A new suicide prevention app to help people in Kent and Medway has been released by the NHS.
The health service says the 'groundbreaking app' called Stay Alive aims to help people struggling with suicidal thoughts to stay safe in a crisis.
The programme launched on the App Store and Google Play this week and can also be used by friends and family to raise concerns about someone else.
Along with general advice on keeping themselves safe, the app has features which can be customised which can be used when they are suffering specifically with difficult moments.
Patients can create a mini safety plan to give themselves notes of how to cope and people to call if they do not feel safe.
The app also has a LifeBox feature to upload photos reminding them of reasons to stay alive, details of people to contact during moments they are thinking about suicide.
It also provides a service to support recovery and help people turn away from their negative thoughts towards inspiration, ideas and staying healthy and positive.
"This app will give local people who are having suicidal thoughts easy access to their personal safety plan and reasons to stay alive" - Lauretta Kavanagh, Kent and Medway STP
The Kent and Medway Sustainability and Transformation Partnership (STP) has worked with a charity called Grassroots Suicide Prevention to develop the app.
Young people and adults with mental health problems have joined health professionals to create the features in the app.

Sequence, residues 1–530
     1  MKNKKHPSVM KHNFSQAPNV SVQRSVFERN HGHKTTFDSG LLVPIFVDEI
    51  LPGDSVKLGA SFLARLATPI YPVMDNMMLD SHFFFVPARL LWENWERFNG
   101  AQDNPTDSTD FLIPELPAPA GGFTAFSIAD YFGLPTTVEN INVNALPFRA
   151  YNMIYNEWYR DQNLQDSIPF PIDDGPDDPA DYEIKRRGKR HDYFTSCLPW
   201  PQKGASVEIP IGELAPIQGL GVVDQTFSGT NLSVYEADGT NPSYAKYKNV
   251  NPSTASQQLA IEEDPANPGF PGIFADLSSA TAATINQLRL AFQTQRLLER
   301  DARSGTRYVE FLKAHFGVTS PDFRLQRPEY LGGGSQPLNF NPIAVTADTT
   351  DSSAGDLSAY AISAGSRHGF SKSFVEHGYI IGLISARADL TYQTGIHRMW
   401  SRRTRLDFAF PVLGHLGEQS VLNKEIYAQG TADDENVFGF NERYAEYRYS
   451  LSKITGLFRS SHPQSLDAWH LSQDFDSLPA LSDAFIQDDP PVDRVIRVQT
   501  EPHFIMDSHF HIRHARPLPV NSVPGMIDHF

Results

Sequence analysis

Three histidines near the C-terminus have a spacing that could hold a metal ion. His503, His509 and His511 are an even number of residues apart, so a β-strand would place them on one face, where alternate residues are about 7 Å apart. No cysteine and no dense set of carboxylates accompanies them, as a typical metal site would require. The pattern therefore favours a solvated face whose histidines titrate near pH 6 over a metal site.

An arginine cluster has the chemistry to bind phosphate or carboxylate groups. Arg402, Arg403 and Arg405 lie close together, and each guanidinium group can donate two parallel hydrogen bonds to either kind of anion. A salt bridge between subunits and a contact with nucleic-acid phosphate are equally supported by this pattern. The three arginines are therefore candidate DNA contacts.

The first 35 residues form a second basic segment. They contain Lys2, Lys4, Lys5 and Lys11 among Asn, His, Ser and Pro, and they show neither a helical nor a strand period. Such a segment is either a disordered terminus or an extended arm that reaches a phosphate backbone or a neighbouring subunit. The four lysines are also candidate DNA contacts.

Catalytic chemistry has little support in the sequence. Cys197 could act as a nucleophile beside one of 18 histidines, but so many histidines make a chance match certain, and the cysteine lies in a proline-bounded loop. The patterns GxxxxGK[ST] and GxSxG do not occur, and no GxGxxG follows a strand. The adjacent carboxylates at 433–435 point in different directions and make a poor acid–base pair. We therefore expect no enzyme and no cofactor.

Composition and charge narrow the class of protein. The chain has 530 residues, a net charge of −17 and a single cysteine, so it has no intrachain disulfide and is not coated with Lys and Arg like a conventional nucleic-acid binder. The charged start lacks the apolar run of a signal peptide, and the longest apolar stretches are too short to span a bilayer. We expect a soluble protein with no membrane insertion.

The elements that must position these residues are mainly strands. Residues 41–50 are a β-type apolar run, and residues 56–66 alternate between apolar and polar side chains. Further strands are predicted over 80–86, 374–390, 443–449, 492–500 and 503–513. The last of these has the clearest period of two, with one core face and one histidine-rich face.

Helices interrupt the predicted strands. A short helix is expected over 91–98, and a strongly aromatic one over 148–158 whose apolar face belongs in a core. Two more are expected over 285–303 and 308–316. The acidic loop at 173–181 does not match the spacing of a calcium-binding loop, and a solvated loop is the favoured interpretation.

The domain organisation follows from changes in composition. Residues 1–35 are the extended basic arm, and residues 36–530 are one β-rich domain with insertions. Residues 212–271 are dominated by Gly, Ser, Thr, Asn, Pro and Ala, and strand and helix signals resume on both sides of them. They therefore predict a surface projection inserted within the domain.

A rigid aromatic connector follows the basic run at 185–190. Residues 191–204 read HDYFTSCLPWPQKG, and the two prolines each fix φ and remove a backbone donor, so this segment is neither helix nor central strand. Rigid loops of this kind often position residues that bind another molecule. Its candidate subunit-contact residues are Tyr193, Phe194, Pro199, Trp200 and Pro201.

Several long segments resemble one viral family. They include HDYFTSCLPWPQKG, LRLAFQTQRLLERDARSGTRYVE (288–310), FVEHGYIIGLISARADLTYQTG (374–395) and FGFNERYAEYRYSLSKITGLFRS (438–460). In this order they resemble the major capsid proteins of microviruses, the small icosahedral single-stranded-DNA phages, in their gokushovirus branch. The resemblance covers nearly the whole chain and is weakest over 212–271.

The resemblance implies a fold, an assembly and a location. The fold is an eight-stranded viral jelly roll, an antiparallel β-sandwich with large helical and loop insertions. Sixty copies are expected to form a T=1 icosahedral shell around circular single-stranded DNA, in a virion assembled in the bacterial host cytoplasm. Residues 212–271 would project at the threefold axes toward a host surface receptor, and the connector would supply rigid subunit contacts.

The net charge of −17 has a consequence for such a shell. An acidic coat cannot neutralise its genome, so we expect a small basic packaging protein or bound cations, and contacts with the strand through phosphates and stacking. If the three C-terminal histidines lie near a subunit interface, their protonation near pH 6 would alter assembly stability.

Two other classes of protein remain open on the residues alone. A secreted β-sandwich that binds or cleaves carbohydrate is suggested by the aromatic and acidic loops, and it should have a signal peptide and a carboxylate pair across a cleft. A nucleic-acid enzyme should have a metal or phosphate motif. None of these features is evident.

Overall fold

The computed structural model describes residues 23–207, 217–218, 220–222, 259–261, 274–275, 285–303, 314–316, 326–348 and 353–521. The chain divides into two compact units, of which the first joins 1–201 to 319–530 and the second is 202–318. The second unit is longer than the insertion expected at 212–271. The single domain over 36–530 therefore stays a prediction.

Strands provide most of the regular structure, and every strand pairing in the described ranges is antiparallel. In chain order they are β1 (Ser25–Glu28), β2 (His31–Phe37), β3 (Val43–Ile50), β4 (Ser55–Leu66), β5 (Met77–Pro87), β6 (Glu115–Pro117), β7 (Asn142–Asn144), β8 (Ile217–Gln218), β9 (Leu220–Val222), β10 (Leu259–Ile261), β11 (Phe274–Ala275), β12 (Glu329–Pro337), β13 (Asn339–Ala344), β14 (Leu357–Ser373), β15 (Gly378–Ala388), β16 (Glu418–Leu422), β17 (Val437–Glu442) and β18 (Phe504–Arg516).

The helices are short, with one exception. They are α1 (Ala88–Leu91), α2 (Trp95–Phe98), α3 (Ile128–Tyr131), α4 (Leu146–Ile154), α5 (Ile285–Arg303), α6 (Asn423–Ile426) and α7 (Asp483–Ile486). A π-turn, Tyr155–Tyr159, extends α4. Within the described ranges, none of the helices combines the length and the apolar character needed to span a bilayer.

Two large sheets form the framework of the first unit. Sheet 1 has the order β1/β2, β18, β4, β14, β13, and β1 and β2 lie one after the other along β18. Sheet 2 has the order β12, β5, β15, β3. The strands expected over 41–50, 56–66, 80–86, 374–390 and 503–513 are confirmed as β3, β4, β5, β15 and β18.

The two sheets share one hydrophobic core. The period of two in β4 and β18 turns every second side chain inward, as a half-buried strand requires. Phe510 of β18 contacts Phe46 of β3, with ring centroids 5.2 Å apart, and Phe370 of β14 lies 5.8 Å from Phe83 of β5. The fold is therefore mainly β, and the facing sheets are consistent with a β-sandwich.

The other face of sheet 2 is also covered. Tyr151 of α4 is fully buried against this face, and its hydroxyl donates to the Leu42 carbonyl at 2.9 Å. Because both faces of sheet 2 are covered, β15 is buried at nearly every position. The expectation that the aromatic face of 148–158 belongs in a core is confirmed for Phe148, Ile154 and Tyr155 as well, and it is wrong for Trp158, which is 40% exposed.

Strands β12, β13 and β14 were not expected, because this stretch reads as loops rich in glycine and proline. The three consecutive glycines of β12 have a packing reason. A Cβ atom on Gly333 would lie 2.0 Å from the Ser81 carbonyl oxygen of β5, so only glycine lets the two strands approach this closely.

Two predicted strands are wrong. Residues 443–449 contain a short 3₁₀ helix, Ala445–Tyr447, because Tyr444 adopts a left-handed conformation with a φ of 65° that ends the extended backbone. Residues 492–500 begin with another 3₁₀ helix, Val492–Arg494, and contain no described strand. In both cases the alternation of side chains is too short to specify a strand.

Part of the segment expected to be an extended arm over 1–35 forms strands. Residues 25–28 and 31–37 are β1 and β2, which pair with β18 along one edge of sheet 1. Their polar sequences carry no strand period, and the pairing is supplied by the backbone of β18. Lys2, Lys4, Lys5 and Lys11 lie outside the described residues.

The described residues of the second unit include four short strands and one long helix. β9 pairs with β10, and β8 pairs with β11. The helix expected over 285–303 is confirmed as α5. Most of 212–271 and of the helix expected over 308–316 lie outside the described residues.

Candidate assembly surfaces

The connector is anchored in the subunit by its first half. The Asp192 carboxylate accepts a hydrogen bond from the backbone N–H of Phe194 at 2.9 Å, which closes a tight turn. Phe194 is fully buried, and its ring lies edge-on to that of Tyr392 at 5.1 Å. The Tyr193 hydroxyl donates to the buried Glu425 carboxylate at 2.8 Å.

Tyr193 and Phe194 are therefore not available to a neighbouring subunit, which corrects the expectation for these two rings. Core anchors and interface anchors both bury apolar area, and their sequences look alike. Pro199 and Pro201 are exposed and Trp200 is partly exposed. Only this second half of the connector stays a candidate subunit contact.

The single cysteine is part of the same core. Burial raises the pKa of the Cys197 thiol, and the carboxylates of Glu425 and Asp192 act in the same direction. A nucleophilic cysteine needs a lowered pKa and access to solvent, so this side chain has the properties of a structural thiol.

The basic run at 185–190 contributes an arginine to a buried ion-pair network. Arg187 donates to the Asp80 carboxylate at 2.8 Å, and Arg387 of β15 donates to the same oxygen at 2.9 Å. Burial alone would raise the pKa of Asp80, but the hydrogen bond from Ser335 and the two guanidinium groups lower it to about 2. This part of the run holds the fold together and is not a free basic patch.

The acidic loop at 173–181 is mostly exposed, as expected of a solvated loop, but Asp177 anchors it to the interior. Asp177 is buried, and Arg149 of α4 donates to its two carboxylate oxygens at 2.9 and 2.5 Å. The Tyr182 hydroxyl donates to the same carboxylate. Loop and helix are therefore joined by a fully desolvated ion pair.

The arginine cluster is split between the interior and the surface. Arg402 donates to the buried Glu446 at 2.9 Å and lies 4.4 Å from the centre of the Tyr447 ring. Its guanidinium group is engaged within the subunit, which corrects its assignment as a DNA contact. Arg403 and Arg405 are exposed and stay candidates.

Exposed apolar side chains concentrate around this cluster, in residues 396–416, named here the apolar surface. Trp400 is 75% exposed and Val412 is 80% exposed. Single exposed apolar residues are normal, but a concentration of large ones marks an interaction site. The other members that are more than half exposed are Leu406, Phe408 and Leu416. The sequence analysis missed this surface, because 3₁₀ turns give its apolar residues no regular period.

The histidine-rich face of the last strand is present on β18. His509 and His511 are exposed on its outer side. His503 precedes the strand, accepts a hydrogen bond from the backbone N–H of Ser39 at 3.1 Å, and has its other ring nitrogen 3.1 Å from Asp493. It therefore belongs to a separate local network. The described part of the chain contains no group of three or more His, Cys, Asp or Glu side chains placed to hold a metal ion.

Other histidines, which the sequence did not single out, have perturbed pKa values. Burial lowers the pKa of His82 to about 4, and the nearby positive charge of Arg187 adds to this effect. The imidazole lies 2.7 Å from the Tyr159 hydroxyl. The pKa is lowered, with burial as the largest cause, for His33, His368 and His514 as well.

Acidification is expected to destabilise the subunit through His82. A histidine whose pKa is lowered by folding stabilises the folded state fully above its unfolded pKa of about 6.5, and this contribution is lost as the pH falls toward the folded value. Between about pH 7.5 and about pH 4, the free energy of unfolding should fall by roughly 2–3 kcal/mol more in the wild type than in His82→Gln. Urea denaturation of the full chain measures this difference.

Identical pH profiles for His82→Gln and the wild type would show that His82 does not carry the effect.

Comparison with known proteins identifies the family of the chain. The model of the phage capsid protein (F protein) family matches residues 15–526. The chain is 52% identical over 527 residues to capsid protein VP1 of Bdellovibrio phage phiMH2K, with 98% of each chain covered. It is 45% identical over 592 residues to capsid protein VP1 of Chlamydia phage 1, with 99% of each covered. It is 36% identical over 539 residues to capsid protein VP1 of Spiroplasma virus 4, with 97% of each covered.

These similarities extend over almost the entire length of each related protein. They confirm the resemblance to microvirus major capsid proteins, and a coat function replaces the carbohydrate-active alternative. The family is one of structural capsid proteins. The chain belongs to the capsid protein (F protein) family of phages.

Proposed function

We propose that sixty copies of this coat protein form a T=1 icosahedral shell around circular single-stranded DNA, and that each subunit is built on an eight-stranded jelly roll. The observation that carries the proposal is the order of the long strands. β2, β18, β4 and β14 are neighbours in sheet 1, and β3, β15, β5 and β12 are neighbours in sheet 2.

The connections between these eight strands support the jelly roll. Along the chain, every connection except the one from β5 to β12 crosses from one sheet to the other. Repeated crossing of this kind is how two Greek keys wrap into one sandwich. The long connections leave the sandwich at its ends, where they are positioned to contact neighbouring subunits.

Last week, it was announced 27 projects across Kent would be supported with £98,000 funding as part of a county-wide campaign called Saving Lives to reduce suicide and self-harm.
This is in addition to the Release the Pressure programme between charities, community groups, Kent County Council and NHS departments throughout Kent.
Lauretta Kavanagh, mental health programme director for Kent and Medway STP, said: "We all know how important phones have become in modern life.
"This app will give local people who are having suicidal thoughts easy access to their personal safety plan and reasons to stay alive, round the clock and wherever they are.
"And so, it will help them to stay safe through difficult times or a moment of crisis."
Suicide is the leading cause of death among people aged between 20 and 34 while men between 45 and 49 are the highest risk people from suicide in the country.
Professor Catherine Kinane, the clinical lead for mental health support, said the app was just one of many projects and services available for people suffering with suicidal thoughts.
She said: "We hope this app will go towards helping our most vulnerable when they really need it. It is also an invaluable tool for anyone who is worried about a family member or a friend."
To find out more about suicide help in Kent visit KCC's Release the Pressure campaign website or call Samaritans on 116 123.